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Origen, ON THE PRINCIPLES (PERI ARCHON - DE PRINCIPIIS), Complete

Translated by Frederick Crombie.

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Page 69

2. But God, by the ineffable skill of His wisdom, transforming and restoring all things, in whatever manner they are made, to some useful aim, and to the common advantage of all, recalls those very creatures which differed so much from each other in mental conformation to one agreement of labour and purpose; so that, although they are under the influence of different motives, they nevertheless complete the fulness and perfection of one world, and the very variety of minds tends to one end of perfection. For it is one power which grasps and holds together all the diversity of the world, and leads the different movements towards one work, lest so immense an undertaking as that of the world should be dissolved by the dissensions of souls. And for this reason we think that God, the Father of all things, in order to ensure the salvation of all His creatures through the ineffable plan of His word and wisdom, so arranged each of these, that every spirit, whether soul or rational existence, however called, should not be compelled by force, against the liberty of his own will, to any other course than that to which the motives of his own mind led him (lest by so doing the power of exercising free-will should seem to be taken away, which certainly would produce a change in the nature of the being itself); and that the varying purposes of these would be suitably and usefully adapted to the harmony of one world, by some of them requiring help, and others being able to give it, and others again being the cause of struggle and contest to those who are making progress, amongst whom their diligence would be deemed more worthy of approval, and the place of rank obtained after victory be held with greater certainty, which should be established by the difficulties of the contest. [2070]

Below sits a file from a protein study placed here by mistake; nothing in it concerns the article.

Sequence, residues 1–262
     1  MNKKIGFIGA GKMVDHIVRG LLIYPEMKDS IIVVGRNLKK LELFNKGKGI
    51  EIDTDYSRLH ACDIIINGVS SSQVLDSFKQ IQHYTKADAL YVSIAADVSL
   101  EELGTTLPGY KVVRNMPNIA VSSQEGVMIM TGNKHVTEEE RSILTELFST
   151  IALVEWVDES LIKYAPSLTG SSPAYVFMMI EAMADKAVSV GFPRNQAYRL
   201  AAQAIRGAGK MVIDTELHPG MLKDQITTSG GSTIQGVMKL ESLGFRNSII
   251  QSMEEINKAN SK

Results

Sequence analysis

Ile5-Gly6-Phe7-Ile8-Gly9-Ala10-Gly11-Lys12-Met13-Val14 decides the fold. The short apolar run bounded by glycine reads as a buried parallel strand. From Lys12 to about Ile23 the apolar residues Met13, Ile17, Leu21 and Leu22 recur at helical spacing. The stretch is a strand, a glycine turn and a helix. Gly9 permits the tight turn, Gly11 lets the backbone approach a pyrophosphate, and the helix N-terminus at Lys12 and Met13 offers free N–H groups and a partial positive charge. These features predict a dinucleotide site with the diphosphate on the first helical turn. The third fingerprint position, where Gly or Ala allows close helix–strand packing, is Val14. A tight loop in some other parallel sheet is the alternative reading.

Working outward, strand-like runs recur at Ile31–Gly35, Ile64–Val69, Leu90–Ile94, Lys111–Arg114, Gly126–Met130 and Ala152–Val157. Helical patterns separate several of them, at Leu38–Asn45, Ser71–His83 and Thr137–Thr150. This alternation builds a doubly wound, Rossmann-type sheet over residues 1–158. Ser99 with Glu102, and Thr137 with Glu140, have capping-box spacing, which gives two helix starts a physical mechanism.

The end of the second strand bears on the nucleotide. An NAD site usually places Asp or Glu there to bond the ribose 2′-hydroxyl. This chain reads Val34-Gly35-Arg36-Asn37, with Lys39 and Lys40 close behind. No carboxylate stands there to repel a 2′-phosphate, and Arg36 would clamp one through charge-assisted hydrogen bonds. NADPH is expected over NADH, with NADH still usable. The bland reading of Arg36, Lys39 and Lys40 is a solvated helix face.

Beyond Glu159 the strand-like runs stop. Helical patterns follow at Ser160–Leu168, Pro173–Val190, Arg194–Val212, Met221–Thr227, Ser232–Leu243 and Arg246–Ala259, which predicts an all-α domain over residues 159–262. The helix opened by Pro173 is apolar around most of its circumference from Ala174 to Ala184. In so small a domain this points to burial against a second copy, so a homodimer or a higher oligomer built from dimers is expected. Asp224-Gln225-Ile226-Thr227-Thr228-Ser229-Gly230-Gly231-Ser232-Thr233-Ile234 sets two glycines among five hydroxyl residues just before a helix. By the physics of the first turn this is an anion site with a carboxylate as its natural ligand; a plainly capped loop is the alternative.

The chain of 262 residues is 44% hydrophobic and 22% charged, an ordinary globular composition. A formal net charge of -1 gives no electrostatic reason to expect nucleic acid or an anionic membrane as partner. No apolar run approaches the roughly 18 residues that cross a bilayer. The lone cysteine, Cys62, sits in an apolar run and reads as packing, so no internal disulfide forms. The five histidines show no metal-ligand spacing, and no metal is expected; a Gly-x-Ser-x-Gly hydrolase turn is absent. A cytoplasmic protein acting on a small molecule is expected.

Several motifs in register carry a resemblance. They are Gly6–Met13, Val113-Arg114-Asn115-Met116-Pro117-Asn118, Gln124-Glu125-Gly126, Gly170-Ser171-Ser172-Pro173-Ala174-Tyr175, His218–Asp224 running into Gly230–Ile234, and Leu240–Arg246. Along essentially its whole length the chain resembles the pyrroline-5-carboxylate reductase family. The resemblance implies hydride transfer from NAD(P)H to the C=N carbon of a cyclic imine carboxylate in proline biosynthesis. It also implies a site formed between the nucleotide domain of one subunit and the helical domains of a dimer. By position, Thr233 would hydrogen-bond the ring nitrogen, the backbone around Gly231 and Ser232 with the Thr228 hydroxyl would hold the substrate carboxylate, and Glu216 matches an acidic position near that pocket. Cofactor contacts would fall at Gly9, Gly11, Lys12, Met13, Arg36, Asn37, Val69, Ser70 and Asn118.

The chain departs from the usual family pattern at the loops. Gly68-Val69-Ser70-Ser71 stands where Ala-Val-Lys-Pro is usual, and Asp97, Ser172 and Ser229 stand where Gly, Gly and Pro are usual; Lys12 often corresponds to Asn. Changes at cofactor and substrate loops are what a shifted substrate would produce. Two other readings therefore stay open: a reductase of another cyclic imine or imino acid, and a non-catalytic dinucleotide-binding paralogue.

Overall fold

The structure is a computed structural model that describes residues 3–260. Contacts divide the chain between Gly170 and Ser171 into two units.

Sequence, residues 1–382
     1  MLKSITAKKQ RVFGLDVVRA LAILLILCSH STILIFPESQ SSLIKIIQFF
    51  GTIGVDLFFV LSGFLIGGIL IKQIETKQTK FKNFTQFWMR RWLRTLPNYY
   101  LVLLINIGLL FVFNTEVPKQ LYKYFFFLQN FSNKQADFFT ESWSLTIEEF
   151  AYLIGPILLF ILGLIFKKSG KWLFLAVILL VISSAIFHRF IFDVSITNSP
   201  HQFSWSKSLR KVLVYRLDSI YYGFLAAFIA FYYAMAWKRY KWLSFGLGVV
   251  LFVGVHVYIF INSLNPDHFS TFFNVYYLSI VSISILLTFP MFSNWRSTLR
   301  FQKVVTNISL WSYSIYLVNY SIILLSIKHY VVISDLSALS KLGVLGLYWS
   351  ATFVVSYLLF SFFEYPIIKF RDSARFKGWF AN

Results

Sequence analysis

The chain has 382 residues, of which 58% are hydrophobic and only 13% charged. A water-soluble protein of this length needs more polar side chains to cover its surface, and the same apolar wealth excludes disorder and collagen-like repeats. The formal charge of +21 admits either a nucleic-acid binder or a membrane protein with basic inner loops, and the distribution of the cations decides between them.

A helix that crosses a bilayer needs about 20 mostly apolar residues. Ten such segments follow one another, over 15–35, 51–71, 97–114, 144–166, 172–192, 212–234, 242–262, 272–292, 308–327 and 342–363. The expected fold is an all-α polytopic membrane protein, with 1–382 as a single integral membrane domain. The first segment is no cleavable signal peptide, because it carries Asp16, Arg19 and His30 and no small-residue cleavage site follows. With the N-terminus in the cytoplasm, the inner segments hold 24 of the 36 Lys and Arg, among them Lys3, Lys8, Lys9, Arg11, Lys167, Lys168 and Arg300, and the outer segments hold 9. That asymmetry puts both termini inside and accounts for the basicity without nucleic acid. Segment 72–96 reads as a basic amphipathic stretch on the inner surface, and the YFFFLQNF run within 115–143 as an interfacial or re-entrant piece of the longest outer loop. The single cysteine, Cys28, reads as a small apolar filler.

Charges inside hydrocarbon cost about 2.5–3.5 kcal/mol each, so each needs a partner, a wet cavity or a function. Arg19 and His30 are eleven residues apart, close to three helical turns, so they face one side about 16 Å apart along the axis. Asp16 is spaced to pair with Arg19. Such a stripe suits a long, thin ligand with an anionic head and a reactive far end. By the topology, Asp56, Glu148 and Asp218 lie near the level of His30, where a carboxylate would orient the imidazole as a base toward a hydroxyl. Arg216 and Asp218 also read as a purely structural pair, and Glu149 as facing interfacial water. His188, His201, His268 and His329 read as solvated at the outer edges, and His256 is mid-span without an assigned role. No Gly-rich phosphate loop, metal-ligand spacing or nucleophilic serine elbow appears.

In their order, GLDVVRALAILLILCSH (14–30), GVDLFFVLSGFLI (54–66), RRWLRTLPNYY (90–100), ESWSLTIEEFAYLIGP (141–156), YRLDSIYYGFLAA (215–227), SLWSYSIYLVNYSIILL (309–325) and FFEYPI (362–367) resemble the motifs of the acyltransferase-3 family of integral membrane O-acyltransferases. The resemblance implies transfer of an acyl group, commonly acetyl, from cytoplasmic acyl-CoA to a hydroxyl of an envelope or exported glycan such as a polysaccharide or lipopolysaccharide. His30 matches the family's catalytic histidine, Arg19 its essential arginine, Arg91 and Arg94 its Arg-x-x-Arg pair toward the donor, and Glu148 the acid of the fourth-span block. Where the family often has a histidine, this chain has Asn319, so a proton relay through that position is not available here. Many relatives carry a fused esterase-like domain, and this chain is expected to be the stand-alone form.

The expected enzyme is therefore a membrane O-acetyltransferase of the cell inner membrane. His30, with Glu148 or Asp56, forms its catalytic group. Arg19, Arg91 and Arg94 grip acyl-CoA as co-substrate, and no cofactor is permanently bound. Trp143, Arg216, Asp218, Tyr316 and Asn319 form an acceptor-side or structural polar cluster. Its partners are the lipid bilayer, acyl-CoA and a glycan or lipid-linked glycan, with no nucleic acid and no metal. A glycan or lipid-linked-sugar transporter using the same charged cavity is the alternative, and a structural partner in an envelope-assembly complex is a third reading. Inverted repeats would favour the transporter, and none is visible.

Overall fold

[2070] "Et diversi motus propositi earum (rationabilium subsistentiarum) ad unius mundi consonantiam competenter atque utiliter aptarentur, dum aliae juvari indigent, aliae juvare possunt, aliae vero proficientibus certamina atque agones movent, in quibus eorum probabilior haberetur industria, et certior post victoriam reparati gradus statio teneretur, quae per difficultates laborantium constitisset."

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Reference address : https://www.ellopos.net/elpenor/greek-texts/fathers/origen/principia.asp?pg=69